THE COLORADO ROCKIES spent the sixth of eight consecutive days off frolicking in the snow on Sunday in Denver, hardly the schedule or climate you would associate with the hottest team ever to reach the World Series. In an upside-down baseball world in which the Boston Red Sox have become the New York Yankees and just about anybody can go to the World Series—one third of the 30 franchises have done so in just the past six years—the Rockies entered the Fall Classic like no other club in history: riding a 21--1 run. Talk about your freak storms.
"I think there are a lot of words you could use to describe it," says Colorado ace Jeff Francis of the run. "I don't know if it's unprecedented, unbelievable ... I've thrown out ridiculous before. If you tell someone they have to win 21 out of 22 games to get to the World Series, you would probably count yourself out right at the beginning."
For the Rockies to get to the Series they needed not one but two of the greatest final-week collapses in baseball history (the New York Mets went 1--6 while the San Diego Padres lost their last three games despite holding a lead in all of them); a winning run in the final at bat of their 163rd game (even though the player who scored was called safe despite failing to touch home plate); and two fewer losses than the Denver Broncos over a 38-day span. Ridiculous? Even that description seems inadequate. In fact, only one team in history had close to this kind of end-of-season surge. The 1935 Chicago Cubs went 23--1 after Aug. 31 to win the NL pennant, but they lost their final two regular-season games, then bowed to the Detroit Tigers in the Series, four games to two.
The question being asked before this Fall Classic is one never before posed in the Rockies' 15-season history (unless you count the hundreds of millions they wasted on veteran free-agent pitchers in the pre-humidor days): Can anybody stop Colorado? Forget the Red Sox, who on Sunday defeated the Indians in Game 7 of the American League Championship Series 11--2. The answer just might be the Fox network. Says Boston general manager Theo Epstein, "We can hope all the off days slow them down."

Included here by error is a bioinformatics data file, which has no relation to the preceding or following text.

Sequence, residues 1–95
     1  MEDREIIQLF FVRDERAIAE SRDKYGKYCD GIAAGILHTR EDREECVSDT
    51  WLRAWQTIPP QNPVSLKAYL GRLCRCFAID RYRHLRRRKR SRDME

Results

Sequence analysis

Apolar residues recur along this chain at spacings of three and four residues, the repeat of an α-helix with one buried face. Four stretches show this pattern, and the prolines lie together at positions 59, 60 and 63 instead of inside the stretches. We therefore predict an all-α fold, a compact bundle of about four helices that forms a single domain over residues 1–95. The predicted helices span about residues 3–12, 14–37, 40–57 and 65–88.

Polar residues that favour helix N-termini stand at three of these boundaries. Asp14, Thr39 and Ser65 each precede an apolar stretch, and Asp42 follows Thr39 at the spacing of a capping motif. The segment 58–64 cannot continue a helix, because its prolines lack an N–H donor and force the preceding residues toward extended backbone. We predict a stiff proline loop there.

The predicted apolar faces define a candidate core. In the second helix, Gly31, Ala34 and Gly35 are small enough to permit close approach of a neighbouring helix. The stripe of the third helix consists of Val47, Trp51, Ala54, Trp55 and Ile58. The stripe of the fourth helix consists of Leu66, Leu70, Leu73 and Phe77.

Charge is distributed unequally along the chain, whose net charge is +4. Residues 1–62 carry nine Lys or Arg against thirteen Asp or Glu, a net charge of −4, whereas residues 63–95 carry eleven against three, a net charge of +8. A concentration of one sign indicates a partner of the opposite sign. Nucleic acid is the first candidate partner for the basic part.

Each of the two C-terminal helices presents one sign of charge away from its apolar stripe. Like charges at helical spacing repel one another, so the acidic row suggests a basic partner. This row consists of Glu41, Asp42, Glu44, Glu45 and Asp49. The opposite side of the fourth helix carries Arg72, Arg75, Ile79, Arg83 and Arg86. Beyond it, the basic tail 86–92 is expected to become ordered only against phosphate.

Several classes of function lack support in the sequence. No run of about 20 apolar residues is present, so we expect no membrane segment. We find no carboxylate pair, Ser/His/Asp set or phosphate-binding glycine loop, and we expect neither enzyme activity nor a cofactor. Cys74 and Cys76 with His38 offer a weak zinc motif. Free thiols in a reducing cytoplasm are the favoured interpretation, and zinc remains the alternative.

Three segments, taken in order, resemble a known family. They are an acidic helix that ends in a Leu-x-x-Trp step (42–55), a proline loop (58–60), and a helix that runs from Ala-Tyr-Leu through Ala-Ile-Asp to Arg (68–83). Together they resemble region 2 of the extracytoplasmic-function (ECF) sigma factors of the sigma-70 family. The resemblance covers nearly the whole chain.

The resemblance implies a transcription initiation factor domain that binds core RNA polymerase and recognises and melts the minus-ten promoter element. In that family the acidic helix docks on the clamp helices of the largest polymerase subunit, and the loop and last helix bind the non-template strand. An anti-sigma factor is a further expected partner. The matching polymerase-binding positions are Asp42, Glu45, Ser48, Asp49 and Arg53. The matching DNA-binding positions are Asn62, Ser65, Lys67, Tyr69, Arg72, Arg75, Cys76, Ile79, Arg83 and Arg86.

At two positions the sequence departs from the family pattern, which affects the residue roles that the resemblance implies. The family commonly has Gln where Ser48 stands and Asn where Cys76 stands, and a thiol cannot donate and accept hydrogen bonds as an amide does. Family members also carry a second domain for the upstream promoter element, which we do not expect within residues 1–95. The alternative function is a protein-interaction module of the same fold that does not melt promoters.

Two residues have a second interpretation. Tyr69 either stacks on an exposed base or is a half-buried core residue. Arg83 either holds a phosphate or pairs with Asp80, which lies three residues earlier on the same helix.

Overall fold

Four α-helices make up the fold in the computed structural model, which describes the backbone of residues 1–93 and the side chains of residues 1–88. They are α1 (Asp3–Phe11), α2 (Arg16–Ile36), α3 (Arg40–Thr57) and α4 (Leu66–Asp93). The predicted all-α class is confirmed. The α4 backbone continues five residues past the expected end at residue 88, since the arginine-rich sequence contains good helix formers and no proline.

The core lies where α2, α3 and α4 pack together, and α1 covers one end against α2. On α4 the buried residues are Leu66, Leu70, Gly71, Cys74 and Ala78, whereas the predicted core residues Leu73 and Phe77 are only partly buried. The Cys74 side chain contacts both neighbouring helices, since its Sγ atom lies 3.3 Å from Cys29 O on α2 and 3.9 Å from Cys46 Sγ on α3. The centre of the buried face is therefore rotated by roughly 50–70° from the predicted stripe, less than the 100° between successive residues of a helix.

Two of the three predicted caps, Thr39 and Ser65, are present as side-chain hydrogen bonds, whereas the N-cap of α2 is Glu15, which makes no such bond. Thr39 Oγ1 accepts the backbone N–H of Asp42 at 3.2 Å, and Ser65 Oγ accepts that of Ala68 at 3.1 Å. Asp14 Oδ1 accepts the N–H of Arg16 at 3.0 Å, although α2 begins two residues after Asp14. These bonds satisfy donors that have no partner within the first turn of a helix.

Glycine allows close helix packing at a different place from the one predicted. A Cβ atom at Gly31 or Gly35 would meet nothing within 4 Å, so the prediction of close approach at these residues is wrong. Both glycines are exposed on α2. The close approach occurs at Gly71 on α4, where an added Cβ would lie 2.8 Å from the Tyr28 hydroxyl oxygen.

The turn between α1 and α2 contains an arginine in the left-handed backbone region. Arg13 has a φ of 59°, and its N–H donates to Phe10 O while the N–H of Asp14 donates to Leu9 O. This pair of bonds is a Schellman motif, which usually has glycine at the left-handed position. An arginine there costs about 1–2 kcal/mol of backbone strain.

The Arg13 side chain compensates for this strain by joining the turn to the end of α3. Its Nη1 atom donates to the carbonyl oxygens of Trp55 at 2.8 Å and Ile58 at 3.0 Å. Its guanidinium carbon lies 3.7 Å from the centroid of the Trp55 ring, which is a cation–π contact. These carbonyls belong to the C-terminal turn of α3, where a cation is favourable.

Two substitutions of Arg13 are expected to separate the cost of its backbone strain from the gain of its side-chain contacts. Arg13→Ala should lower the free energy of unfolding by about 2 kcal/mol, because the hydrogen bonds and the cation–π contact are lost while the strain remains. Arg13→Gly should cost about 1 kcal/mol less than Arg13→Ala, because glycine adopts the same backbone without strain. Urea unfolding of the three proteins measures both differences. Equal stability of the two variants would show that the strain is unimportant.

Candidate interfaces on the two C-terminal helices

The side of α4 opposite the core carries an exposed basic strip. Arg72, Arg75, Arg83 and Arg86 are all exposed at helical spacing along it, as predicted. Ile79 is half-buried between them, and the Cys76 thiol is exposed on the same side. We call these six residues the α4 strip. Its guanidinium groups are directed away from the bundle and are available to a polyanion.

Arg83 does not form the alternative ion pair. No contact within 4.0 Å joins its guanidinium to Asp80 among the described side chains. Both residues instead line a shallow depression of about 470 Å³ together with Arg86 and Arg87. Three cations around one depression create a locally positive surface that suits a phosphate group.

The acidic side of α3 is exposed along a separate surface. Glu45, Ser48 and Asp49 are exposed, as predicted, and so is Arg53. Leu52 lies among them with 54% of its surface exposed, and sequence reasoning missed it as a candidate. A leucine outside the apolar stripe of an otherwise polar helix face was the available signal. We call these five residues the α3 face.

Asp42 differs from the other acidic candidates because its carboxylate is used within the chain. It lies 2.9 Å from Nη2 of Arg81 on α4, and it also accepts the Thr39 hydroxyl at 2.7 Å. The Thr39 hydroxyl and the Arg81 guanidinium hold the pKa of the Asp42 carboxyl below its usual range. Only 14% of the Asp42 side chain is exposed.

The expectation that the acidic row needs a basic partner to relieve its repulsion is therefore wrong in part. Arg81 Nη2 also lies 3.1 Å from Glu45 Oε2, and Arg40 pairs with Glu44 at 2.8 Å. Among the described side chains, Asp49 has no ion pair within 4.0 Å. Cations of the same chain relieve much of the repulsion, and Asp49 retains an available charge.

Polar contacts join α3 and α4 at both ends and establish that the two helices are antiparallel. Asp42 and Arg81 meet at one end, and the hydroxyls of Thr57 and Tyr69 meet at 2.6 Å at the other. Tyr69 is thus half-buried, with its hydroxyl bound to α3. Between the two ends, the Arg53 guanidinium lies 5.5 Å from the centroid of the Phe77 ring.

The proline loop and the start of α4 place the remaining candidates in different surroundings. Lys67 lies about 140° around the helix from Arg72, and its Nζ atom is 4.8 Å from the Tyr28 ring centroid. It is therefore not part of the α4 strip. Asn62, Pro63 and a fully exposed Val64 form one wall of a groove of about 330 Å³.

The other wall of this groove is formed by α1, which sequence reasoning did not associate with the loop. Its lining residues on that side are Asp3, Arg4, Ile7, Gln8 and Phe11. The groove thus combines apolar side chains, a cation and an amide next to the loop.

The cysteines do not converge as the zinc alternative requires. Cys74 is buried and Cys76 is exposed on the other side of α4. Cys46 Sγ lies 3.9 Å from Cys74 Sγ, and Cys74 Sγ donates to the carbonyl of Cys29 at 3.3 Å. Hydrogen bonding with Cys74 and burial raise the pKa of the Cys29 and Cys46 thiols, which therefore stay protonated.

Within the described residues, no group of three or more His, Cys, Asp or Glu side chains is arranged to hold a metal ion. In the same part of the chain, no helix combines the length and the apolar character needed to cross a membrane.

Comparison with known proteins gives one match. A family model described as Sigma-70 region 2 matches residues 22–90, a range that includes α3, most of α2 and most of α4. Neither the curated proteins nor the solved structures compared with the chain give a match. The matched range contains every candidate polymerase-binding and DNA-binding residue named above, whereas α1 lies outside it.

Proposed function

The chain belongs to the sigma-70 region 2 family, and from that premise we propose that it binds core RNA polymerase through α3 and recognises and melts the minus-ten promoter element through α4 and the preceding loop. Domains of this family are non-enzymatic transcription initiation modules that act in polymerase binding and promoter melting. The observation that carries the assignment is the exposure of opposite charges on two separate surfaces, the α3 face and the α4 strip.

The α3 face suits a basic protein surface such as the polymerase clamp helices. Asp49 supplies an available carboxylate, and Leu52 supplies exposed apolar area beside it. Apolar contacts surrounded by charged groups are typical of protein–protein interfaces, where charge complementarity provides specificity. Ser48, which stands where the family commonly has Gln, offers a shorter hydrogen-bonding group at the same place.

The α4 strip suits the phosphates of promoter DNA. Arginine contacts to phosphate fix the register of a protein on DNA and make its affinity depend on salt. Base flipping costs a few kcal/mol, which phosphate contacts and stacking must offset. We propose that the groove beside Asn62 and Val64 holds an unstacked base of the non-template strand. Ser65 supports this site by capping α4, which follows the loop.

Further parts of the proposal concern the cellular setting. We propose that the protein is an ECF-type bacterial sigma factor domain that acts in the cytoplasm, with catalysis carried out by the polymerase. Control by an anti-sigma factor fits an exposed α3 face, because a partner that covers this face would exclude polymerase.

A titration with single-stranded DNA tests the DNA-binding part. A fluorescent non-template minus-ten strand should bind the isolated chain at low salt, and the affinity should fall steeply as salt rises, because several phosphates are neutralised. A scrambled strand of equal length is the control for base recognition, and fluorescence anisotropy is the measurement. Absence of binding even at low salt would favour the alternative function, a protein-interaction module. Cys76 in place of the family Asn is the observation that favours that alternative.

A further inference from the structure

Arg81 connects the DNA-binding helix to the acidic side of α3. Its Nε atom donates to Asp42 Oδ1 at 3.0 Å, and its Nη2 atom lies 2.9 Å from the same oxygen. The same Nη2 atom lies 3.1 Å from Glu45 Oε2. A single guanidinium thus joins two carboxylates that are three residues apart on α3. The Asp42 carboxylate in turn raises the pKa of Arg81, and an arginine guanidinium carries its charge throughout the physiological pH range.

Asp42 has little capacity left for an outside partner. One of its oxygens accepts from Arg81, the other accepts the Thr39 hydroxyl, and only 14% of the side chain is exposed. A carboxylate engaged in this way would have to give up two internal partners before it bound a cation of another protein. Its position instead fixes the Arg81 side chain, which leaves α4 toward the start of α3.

Baseball has scheduled every World Series since 1991 to open on a Saturday. Fox, noting that Saturdays drew the smallest viewing audience, asked baseball to start this one on a Wednesday, which had the added benefit of lining up potential Games 6 and 7 for weeknights as well. Baseball agreed to the switch, which forced it to add three off days to the postseason calendar. With sweeps of the Philadelphia Phillies and the Arizona Diamondbacks, Colorado earned its trip to the World Series with the maximum 15 days off in 22, including a record eight days of inactivity before the Fall Classic. Which raises another question: Are the Rockies too good for their own good?
Working around the occasional snowstorm, Colorado held simulated games at Coors Field to try to maintain its edge. Francis was scheduled to start the World Series opener on 13 days of rust, er, rest. "We were asked the same question when we had three days off in between the DS and the LCS, and it didn't seem to make too big of a difference for us," first baseman Todd Helton says. "So I think once the game starts, we'll be right back in the same mind-set that we have been the last three weeks."
Other than the phantom winning run scored by Matt Holliday in the wild-card tiebreaker game on Oct. 1, Colorado largely has dispensed with drama and oddity, building its streak on the kind of baseball that would serve well for an instructional video. The offense blends speed, power and a nice balance of lefthanded and righthanded hitting, but pitching and defense have carried the club. The staff ERA during the 22-game run is 2.80, with 10 pitchers getting wins, and only two of the runs allowed were unearned. The Rockies have trailed in just three of their 65 postseason innings.
"They're young, talented, athletic, have some pitchers we're not familiar with, and they can hit good fastballs with any team out there," Boston pitching coach John Farrell says. "Plus, like Cleveland, they have a bunch of players who came through the minor league system together so there is a lot of organizational pride there. We'll have our hands full."
THE RED SOX are hot in their own right, outscoring the Indians 30--5 to win the final three games of the ALCS. "It all started in Game 5 with Josh Beckett," Boston pitcher Curt Schilling says.
Beckett owns the best postseason ERA of any starting pitcher in history with at least 50 innings (1.78). He turned around the series with his 7--1 Game 5 win in which he struck out 11 over eight innings and, in a moment that typified his bravado, shouted down Kenny Lofton for flipping his bat after what the Indians' leftfielder thought was ball four. Lofton cursed back at Beckett, prompting both benches to clear, but the game proceeded without further incident, especially from the Cleveland offense. Beckett, who had barked at Lofton for a similar offense in 2005, does not so much pitch postseason games as much as he enforces them. "A lot of pitchers would want to do what Josh did there," Schilling says. "Josh just did it. He's a guy who never backs down from a challenge. In fact, he looks for a challenge."